concept development

I’ve been reading a lot lately about chefs and bartenders who develop recipes by seeking inspiration from other creative spheres. I stumbled across this blog post today, (Meadowlark). The writer spent some time creating a drink to match an album by Sufjan Stevens. The drink was fairly simple, but I was immediately struck by the depth of research that went into creating it. She spent time looking at the artist’s inspiration, and used that to inform her own creation. Each ingredient was reasoned, and the recipe read well because of it. (btw, I noticed that huge amount of rosewater too, but in an earlier post she has a recipe for ‘rose water’ which is actually more of a petal tisane, which would definitely work at that volume.)

In this article from last month on Punch, Drew Lazor explores different approaches to concept development (How To Develop a Concept Cocktail). I’m smitten with Chantal Tseng’s ‘limited edition’ menus at The Reading Room, in Washington D.C, that revolve around the book she’s reading that week. She uses narrative, geography, characters, and the author’s persona to inspire her ingredients.

Cerebral stuff isn’t necessarily the way to go every time, but I’ve always found that the best names and recipes (of my own) are always tightly knit together by a solid concept that drew inspiration from a clear source.

A recent recipe comes from, at first, a pretty vague space that slowly developed into a combination of dew drops on winter green, Fern Gully, the flavours I associate with the word “nectar”, and how sweet and clean I imagine this water tastes to this little guy:

I truly believe it would definitely taste like Dolin Blanc

The idea hung about in my head and in a few variations for about a six months. By the time I got around to making it, I’d spent so long messing with the concept and had such a clear idea of how I wanted it to taste that it took less than 20 minutes to nail down a recipe. The drink ended up as a light, clean, carbonated thing with a hint of sweetness that is balanced with tartaric and malic acids to give the impression of a sparkling wine.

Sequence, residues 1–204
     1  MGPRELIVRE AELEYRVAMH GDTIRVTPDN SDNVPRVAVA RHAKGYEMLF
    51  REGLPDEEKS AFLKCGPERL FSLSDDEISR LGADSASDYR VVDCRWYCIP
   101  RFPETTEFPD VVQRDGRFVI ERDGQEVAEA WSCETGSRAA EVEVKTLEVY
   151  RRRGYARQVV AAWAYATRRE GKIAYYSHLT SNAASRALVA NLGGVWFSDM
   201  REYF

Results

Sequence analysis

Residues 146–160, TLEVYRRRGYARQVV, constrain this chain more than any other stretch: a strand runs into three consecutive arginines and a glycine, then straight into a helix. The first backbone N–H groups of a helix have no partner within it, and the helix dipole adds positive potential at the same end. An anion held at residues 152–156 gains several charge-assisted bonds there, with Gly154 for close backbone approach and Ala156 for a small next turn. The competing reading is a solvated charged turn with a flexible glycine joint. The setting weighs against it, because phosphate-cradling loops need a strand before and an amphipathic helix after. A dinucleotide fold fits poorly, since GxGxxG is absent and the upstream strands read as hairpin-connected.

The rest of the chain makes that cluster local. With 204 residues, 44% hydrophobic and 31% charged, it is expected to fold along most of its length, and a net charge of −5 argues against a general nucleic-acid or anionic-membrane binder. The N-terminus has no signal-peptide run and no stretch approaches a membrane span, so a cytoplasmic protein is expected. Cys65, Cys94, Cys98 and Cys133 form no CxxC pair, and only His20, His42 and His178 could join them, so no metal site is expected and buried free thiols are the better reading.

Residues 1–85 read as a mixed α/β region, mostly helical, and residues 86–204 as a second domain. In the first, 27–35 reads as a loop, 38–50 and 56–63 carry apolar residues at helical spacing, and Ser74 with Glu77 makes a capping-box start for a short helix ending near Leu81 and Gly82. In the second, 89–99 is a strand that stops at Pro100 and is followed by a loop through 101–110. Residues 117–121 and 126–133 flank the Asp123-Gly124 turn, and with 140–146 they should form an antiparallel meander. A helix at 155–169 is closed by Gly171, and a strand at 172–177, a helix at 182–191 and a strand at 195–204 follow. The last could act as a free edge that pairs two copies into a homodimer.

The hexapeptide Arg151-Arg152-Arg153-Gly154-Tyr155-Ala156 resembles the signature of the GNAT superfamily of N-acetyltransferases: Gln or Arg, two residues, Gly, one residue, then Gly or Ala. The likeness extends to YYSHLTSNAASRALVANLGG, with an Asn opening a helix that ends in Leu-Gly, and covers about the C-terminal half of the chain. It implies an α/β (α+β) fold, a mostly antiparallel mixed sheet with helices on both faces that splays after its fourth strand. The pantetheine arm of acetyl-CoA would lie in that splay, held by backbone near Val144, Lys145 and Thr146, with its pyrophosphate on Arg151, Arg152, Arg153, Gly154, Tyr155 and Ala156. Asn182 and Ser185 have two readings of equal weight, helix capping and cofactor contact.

Who knows if people are going to taste the idea of a fairy with a dewdrop cupped between their tiny, webbed fingers. I doubt it, and I’m not going to tell them that they have to. I’d be delighted to hear that someone has drawn that conclusion independently, but it doesn’t really matter. What matters is that having a concise and well developed concept helped to develop a good recipe.



sound is important to your perception of flavour

Things taste different in planes to on the ground so when a chef curates an inflight menu, or a sommelier writes a wine list for an airline, they have to consider this as they select ingredients and flavour profiles. The altitude, background noise and dried nasal passages alters the way you interact with flavours. Salt perception is reduced, for example, but umami is enhanced. Apparently tomatoes taste amazing because of this, and in hindsight I think of all the very sad looking slices of “fresh” tomato that I have pushed aside on inflight meals. What if I was missing out on something amazing.